Tuesday, 10 May 2016
In an economic sense a parking space is a private good, just like a rented house; if someone parks a vehicle there nobody else can use that spot.
The development of parking can easily be compared with the use of agricultural land in the Middle Ages. At that time, many places had a so-called common. All farmers were allowed to let their livestock graze on those pieces of land. There was enough space, so if there was more demand for this land, then the common was simply expanded. But at some point in time, the space became scarce and there was more demand for using the common land than there was space available, so rivalry emerged. Thus it became a common-pool good and with that, the quality of the good also declined. In order to deal with this, use was reserved for a certain group of farmers and thus it became a club good, but in due time it became a private good.
The same is true of parking. Initially, there was plenty of space and there were only a few cars, so parking (often indoors, because the cars at that time were not very well protected against rain and wind) took place in public space. As the number of cars increased, rivalry for use of the available parking space at some locations came about and the quality thus declined. This initiated two developments.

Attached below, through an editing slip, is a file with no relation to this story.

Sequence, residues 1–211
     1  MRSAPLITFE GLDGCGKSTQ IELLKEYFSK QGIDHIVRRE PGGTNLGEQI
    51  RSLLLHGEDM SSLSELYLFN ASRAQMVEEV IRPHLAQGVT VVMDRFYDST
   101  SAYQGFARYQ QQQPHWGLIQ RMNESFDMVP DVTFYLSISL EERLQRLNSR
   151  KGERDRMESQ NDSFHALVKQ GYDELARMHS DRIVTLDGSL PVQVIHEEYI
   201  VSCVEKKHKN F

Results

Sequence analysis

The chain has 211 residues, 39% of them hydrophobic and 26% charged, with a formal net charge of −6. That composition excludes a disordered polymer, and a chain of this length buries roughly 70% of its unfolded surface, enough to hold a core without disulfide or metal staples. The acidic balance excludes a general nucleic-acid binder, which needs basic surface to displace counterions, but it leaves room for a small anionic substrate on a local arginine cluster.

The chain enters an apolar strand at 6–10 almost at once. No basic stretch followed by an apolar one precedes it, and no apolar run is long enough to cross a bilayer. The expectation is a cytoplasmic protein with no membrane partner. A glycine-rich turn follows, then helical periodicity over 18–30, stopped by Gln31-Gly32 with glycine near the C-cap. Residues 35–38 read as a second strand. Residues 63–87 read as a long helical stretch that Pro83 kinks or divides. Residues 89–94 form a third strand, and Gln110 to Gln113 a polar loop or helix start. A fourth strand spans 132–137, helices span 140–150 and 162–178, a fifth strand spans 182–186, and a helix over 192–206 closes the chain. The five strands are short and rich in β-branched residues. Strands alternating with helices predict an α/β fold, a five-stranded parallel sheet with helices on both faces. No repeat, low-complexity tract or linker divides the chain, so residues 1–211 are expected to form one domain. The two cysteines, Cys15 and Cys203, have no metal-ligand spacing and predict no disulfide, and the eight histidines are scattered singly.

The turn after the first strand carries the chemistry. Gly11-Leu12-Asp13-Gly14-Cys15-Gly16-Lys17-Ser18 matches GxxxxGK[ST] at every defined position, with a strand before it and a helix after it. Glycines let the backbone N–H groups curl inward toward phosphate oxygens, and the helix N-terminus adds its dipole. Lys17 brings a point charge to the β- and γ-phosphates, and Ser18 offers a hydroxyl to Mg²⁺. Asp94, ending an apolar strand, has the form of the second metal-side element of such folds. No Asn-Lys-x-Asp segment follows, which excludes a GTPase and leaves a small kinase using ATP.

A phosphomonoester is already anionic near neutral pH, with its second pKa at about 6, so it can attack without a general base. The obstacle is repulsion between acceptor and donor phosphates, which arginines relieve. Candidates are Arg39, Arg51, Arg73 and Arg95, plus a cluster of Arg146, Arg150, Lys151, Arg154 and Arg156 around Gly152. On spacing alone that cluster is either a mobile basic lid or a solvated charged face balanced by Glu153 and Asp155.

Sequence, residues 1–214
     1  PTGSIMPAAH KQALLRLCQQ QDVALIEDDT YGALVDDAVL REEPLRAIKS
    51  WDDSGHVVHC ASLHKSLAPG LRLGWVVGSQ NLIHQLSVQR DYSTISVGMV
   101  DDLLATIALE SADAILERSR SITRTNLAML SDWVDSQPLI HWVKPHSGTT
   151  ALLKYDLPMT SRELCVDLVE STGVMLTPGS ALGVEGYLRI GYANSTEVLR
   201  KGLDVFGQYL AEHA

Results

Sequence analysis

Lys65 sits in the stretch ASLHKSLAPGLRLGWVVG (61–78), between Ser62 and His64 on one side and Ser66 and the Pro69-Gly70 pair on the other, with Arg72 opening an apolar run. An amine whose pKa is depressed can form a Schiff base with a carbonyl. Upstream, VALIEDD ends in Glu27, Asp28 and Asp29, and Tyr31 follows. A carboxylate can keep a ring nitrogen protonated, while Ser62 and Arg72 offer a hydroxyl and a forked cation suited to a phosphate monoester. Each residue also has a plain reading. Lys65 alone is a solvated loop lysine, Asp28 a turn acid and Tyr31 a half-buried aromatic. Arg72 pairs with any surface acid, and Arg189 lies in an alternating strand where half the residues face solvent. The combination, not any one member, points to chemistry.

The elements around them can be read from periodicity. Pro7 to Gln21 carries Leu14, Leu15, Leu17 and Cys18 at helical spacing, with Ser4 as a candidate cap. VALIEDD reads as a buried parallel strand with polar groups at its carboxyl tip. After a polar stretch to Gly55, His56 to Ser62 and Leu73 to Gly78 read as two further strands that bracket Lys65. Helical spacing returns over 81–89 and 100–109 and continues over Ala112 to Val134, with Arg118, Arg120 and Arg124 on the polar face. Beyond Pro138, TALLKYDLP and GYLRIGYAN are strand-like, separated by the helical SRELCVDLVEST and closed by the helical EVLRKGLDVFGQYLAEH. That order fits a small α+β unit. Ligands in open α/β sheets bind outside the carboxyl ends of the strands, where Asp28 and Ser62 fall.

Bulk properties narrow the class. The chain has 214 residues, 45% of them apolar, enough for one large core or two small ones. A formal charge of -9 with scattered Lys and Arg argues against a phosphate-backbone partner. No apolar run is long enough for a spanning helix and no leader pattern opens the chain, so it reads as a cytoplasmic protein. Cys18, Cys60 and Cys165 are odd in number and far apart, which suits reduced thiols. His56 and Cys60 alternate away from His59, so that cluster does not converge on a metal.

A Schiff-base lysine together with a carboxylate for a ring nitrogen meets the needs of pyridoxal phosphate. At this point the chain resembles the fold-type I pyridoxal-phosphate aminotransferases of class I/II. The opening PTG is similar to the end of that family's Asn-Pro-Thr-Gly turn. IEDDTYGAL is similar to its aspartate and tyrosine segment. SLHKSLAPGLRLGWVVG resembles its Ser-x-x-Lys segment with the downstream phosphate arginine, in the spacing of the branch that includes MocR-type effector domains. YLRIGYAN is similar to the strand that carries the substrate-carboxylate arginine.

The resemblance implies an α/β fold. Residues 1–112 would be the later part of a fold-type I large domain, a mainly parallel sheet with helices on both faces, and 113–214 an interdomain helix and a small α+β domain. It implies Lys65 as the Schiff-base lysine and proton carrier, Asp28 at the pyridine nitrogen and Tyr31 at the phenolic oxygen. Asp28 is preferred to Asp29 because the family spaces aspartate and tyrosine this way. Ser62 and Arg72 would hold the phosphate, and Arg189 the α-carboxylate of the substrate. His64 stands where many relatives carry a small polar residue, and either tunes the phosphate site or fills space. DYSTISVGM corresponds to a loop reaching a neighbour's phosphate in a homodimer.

- Either a permit system was introduced whereby it became a club good, or
- the parking space became a private good.
Martens and Schneijderberg argue that all four types of parking come about in practice. Parking is a public good in residential areas with ample parking space. However, at many places, especially in densely built-up areas, there is a shortage of parking space. This is when it becomes a common-pool good. This has resulted in parking becoming regulated, often in the form of parking spaces being reserved for permit-holders. Hence parking space has become a club good.
Parking at businesses – and at some residences – is often on private property and thus becomes a private good. The same happens when paid parking is established, where the user in fact pays a certain rate to rent the parking space for a while.
Extract from Eleven truths about parking, mobility and retail (Dutch article)